the moving bone that is connected to the muscle via tendons is called the insertion. The belly of
the muscle is the fleshy part of the muscle in between the tendons that does the actual contraction.
A tendon is a fibrous connective tissue
which attaches muscle to bone.
Tendons may also attach muscles to
structures such as the eyeball. A tendon
serves to move the bone or structure. A
ligament is a fibrous connective tissue
which attaches bone to bone, and
usually serves to hold structures
together and keep them stable.
What is Cartilage?
Cartilage is a tough but flexible tissue that is the main type
of connective tissue in the body. Around 65–80% of
cartilage is water, although that decreases in older people,
and the rest is a gel-like substance called the ‘matrix’ that
gives it its form and function.
There are three main types of cartilage:
• Hyaline, or articular cartilage, is found in the joints, septum of the nose (which
separates the nostrils), and the trachea (air tube).
• Elastic cartilage, which has elastic fibres that make the cartilage more flexible, is
found in the ear, part of the nose and the trachea.
• Fibrous cartilage occurs in special cartilage pads called menisci that help to disperse
body weight and reduce friction, such as in the knee.
In the joints, hyaline cartilage forms a very low friction, 2-4 mm thick layer that coats the
bony surfaces. This allows the bones of the joint to glide over one another during
movement and, ideally, last a lifetime. It also serves as a cushion and shock absorber in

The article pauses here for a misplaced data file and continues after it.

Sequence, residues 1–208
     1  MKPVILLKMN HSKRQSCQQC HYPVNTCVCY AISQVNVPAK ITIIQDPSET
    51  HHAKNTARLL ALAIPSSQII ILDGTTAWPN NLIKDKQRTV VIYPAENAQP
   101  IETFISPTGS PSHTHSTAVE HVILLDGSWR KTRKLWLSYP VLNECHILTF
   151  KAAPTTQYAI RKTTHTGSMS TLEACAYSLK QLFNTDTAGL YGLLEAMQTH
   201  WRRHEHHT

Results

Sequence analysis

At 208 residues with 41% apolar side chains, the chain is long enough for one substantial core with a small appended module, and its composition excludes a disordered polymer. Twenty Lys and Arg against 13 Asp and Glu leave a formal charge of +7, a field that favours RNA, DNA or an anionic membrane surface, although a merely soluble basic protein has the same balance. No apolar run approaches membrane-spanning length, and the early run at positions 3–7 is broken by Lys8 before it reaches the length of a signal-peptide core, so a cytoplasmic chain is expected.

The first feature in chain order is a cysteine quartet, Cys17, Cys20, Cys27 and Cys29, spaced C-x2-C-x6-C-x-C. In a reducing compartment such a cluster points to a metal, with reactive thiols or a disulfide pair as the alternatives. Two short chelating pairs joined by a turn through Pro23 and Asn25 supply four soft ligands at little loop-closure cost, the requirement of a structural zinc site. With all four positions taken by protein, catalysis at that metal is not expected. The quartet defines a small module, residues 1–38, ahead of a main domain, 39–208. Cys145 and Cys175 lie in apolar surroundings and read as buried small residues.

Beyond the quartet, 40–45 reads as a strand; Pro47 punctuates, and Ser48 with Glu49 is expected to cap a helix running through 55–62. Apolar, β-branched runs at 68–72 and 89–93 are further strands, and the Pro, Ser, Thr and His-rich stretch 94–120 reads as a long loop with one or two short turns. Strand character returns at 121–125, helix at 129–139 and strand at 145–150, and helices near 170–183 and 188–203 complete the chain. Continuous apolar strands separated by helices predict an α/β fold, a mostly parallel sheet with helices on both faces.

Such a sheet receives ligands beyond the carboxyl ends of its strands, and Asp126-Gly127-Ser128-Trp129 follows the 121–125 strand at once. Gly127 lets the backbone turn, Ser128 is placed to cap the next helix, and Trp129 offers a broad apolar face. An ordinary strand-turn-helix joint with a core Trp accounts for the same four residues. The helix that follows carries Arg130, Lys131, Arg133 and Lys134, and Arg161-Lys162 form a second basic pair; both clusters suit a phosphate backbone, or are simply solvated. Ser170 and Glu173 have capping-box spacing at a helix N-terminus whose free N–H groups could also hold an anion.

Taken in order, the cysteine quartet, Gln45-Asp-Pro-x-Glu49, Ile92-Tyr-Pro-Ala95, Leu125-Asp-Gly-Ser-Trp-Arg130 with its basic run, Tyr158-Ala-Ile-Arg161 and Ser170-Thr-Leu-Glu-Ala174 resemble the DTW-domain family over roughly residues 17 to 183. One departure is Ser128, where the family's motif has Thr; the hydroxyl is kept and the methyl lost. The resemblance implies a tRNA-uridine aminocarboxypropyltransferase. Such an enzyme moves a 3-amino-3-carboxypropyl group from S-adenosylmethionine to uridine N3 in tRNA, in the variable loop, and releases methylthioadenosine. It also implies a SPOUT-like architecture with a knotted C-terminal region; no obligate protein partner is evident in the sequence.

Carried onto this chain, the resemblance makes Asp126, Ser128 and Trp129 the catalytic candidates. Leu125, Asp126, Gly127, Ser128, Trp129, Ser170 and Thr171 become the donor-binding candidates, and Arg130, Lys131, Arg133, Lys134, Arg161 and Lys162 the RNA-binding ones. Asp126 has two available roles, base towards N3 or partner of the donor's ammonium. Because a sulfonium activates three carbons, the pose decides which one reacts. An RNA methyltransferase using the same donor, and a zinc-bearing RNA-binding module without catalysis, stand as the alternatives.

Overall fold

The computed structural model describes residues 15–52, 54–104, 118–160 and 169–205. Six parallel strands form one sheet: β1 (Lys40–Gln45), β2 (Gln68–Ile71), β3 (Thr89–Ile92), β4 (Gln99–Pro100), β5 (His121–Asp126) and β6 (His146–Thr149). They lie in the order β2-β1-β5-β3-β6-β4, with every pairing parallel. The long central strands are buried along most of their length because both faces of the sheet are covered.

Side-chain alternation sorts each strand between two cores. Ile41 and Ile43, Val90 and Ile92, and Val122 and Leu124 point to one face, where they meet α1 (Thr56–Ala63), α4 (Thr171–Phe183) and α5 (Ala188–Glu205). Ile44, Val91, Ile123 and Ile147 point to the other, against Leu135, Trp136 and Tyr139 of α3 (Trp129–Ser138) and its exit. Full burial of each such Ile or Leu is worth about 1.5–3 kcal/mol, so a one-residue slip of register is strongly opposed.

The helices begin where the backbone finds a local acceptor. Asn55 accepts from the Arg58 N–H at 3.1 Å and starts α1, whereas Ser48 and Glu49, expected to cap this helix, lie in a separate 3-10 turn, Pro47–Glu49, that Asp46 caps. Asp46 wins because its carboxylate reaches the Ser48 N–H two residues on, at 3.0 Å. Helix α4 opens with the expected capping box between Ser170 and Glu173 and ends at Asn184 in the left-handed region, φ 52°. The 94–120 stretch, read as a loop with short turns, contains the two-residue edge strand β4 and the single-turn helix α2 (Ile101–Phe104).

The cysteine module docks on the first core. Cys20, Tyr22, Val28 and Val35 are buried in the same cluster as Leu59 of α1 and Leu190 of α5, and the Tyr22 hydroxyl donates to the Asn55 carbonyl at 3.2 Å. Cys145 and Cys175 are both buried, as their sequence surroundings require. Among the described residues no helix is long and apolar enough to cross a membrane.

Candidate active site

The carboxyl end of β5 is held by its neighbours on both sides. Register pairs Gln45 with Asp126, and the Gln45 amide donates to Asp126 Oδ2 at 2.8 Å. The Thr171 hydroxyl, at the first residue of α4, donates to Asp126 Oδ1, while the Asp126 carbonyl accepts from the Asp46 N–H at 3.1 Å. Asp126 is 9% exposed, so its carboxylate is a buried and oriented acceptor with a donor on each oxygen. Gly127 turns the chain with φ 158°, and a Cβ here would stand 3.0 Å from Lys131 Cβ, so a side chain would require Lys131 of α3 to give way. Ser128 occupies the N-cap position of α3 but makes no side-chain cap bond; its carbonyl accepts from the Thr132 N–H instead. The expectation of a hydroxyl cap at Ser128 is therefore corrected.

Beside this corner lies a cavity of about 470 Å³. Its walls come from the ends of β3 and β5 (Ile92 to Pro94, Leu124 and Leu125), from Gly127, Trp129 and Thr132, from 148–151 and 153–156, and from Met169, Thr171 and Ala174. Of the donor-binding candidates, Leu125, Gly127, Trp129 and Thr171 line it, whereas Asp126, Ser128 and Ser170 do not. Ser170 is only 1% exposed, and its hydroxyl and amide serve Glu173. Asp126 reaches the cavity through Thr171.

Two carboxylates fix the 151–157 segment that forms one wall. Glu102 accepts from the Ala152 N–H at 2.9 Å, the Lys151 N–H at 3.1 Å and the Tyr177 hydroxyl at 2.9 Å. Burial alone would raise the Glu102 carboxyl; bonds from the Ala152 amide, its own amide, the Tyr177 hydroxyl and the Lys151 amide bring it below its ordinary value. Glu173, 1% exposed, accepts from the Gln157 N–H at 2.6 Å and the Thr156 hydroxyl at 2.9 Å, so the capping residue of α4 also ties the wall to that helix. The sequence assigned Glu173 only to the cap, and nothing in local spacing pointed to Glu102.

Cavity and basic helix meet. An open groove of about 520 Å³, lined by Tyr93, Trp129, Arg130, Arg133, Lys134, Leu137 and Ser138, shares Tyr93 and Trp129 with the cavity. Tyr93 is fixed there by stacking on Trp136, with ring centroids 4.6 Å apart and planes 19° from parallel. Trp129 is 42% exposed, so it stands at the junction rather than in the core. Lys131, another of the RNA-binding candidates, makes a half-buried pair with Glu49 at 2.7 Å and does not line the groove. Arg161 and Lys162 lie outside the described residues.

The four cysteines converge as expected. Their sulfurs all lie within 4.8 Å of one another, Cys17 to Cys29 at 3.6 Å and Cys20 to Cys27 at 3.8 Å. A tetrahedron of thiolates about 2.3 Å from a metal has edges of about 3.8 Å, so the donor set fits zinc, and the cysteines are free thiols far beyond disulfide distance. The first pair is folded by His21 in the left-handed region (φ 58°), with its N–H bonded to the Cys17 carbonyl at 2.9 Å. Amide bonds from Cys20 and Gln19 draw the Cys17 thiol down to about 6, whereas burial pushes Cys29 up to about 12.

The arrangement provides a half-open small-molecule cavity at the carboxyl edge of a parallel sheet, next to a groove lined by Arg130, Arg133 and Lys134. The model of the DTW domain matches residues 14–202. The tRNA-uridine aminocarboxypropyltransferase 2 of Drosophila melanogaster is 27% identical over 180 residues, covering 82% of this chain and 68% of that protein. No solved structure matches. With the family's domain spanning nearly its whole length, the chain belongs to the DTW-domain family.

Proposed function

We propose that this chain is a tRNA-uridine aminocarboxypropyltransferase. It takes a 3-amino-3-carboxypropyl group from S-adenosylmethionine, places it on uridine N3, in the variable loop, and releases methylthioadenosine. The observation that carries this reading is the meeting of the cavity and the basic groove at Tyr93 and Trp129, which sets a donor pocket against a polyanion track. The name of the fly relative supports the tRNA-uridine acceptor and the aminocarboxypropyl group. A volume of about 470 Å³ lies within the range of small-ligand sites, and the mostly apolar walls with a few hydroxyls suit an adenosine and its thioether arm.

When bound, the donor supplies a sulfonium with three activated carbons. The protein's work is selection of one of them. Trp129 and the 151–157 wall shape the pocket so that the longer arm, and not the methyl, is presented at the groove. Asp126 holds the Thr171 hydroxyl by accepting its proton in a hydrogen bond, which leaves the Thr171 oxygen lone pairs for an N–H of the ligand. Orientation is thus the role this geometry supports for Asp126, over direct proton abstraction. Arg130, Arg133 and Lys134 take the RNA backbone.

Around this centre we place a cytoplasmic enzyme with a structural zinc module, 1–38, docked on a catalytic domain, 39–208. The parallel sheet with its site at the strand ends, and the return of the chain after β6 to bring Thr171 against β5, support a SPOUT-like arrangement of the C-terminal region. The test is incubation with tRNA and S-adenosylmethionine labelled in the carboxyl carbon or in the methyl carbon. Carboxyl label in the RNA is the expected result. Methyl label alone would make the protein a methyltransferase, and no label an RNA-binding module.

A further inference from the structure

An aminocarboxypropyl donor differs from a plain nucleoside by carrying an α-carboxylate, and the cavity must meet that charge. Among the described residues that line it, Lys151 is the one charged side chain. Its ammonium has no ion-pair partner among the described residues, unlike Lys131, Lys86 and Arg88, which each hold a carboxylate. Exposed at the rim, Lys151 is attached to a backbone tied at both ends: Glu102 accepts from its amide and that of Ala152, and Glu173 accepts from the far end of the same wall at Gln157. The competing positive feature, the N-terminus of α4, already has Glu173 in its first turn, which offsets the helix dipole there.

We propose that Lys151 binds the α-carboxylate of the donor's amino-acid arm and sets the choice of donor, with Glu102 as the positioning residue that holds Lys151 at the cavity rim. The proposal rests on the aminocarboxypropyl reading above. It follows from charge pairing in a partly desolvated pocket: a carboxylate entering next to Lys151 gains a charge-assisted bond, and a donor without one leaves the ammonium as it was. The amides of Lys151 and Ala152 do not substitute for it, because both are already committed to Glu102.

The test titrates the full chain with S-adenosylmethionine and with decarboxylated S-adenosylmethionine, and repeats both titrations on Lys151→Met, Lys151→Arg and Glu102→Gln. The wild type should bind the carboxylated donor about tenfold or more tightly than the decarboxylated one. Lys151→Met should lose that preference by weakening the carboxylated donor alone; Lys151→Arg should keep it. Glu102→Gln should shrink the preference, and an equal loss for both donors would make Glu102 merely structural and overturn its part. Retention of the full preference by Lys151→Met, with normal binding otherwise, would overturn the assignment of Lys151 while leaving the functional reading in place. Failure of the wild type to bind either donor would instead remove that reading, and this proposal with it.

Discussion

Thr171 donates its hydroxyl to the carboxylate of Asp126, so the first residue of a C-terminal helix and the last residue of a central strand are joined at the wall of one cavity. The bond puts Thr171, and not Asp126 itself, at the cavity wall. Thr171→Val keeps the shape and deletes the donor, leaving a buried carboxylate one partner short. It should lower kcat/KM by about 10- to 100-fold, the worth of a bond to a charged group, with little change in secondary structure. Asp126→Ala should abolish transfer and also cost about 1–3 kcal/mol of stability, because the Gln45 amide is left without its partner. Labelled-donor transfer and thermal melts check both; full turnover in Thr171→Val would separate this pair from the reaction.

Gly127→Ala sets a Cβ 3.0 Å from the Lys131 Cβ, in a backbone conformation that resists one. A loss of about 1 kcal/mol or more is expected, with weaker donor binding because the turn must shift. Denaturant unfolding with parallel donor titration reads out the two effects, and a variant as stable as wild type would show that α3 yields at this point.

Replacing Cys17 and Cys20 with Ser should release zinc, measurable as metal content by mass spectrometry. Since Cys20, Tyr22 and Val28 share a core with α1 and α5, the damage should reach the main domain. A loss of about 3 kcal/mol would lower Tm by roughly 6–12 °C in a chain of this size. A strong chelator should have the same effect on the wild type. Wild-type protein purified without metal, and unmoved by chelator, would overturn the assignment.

the joint.
How Do Muscles Work?
The movements your muscles make are coordinated and
controlled by the brain and nervous system. The
involuntary muscles are controlled by structures deep
within the brain and the upper part of the spinal cord
called the brain stem. The voluntary muscles are
regulated by the parts of the brain known as the cerebral
motor cortex and the cerebellum (pronounced: ser-uhBEL-um).
When you decide to move, the motor cortex sends an
electrical signal through the spinal cord and peripheral
nerves to the muscles, causing them to contract. The
motor cortex on the right side of the brain controls the
muscles on the left side of the body and vice versa.
The cerebellum coordinates the muscle movements ordered by the motor cortex. Sensors in the muscles and
joints send messages back through peripheral nerves to tell the cerebellum and other parts of the brain where
and how the arm or leg is moving and what position it's in. This feedback results in smooth, coordinated
motion. If you want to lift your arm, your brain sends a message to the muscles in your arm and you move it.
When you run, the messages to the brain are more involved, because many muscles have to work in rhythm.
Muscles move body parts by contracting and then relaxing. Muscles can pull bones, but they can't push them
back to the original position. So they work in pairs of flexors and extensors. The flexor contracts to bend a
limb at a joint. Then, when the movement is completed, the flexor relaxes and the extensor contracts to
extend or straighten the limb at the same joint. For example, the biceps muscle, in the front of the upper arm,
is a flexor, and the triceps, at the back of the upper arm, is an extensor. When you bend at your elbow, the
biceps contracts. Then the biceps relaxes and the triceps contracts to straighten the elbow.
Muscle spasms occur when a skeletal muscle contracts
and does not relax. Muscle spasms are forceful and
involuntary. A sustained muscle spasm is called a muscle
cramp. Leg muscles, especially the quadriceps (thigh),
hamstrings (back of thigh), and gastrocnemius (calves),
are most likely to cramp, but any skeletal muscle in the
body can cramp.
There are many potential causes of muscle cramps
including physical exertion in hot weather, overexertion,
dehydration, electrolyte imbalance, and physical
Muscle cramps can range from being a mild nuisance to
incapacitating and extremely painful. The cramped muscle
may be visibly distorted or look knotted. Twitching may be
evident. The area of a muscle cramp may be firm to the
touch. Some muscle cramps last just a few seconds, while
others can last 15 minutes or more.